The church is to be the conscience of the state so that just and equitable laws are enacted for the peace and safety of all. But when government doesn’t enforce the laws on the books then chaos and anarchy rules the day (think Ferguson, Chicago, etc,), drugs run more rampant, addictions on the rise.

Immigration has two aspects: 1) those who enter countries legally, and 2) those who don’t.  With certain safety issues regarding criminals and cartels border control is a must. But very little movement legally or enforcement has happened and many are upset that the government, at the behest of the former administration, has not made it happen. Now we have a president who promised in campaigning, and now as the elected president is working to do what former administrations refused to do.

I fear the angst demonstrated in last weeks march was more in defiance of Trump than the stated reasons - otherwise, why didn’t they march sooner?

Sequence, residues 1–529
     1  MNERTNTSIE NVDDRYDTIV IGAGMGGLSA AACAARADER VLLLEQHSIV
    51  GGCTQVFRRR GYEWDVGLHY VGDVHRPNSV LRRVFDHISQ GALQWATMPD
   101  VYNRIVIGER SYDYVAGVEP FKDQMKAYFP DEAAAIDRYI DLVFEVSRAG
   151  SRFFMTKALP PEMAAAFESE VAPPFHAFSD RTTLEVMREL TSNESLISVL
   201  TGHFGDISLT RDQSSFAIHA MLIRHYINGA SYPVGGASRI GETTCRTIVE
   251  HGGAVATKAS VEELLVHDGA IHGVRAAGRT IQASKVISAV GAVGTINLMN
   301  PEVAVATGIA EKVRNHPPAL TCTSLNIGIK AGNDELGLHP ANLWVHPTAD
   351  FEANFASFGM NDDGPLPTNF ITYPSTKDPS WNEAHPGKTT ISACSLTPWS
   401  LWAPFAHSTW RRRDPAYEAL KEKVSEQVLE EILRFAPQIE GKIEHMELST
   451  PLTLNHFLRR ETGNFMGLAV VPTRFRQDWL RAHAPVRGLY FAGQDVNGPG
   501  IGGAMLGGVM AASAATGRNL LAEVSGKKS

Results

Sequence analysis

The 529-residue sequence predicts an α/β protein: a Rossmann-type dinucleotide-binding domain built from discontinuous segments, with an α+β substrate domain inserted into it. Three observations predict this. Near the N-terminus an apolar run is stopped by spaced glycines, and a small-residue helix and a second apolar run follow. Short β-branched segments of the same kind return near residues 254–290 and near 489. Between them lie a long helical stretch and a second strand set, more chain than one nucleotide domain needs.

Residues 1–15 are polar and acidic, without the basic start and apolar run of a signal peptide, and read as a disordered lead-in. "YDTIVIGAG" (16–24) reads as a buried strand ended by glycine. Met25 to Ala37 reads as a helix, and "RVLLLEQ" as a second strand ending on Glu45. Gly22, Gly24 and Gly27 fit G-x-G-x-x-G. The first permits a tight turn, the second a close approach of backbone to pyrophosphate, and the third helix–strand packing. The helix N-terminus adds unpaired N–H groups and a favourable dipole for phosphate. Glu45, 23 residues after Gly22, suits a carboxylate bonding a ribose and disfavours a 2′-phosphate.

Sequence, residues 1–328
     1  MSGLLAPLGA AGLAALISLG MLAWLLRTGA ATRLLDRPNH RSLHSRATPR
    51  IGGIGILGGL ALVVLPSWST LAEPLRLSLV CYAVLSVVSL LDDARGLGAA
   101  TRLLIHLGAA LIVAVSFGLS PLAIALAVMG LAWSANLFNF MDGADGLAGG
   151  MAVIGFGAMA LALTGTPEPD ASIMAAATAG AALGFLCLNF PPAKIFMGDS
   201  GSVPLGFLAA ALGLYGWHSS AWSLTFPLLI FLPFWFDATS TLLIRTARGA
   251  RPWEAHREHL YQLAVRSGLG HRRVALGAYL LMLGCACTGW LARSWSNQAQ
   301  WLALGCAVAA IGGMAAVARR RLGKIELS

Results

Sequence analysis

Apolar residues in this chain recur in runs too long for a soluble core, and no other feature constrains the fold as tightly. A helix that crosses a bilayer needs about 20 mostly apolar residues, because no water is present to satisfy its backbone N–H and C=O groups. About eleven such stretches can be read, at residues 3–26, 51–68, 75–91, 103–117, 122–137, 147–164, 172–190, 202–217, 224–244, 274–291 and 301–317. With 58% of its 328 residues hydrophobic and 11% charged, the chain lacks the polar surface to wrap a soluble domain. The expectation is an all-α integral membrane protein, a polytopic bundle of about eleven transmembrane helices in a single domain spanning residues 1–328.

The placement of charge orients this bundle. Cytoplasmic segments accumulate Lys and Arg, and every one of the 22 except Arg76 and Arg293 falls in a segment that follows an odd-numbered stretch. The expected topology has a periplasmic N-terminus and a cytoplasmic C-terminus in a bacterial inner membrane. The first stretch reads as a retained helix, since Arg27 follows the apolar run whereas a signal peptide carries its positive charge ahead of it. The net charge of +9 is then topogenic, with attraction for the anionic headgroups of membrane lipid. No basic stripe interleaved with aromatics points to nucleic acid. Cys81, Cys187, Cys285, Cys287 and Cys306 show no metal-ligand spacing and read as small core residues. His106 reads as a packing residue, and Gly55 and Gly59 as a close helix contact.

As someone who is married to a Singaporean and who’s adopted a Chinese boy, I am very much in favor of legal immigration.  However, I am very much against illegal immigration, and favor government efforts to strengthen border security, including building a wall along our border with Mexico.  I think it is very important that our government makes a clear distinction between legal and illegal immigrants. 

I also think that our churches do need to be more welcoming of immigrants and refugees, because serving these people in Jesus’ name offers these people - and the wider community - a beautiful picture of what Jesus’ love is like.  Can you imagine the positive benefits that would occur if churches in America were to welcome immigrants and refugees with the love of Jesus?

Some may consider these views to be contradictory, but they’re not, because they reflect the fact that God has ordained separate roles for the government and the church.  Governments have been ordained by God to provide for the common welfare, which includes providing for the common defense of their citizens and maintaining law and order.  Churches, on the other hand, have been given the mission of proclaiming the Good News of Jesus Christ to everyone in the world through word and deed.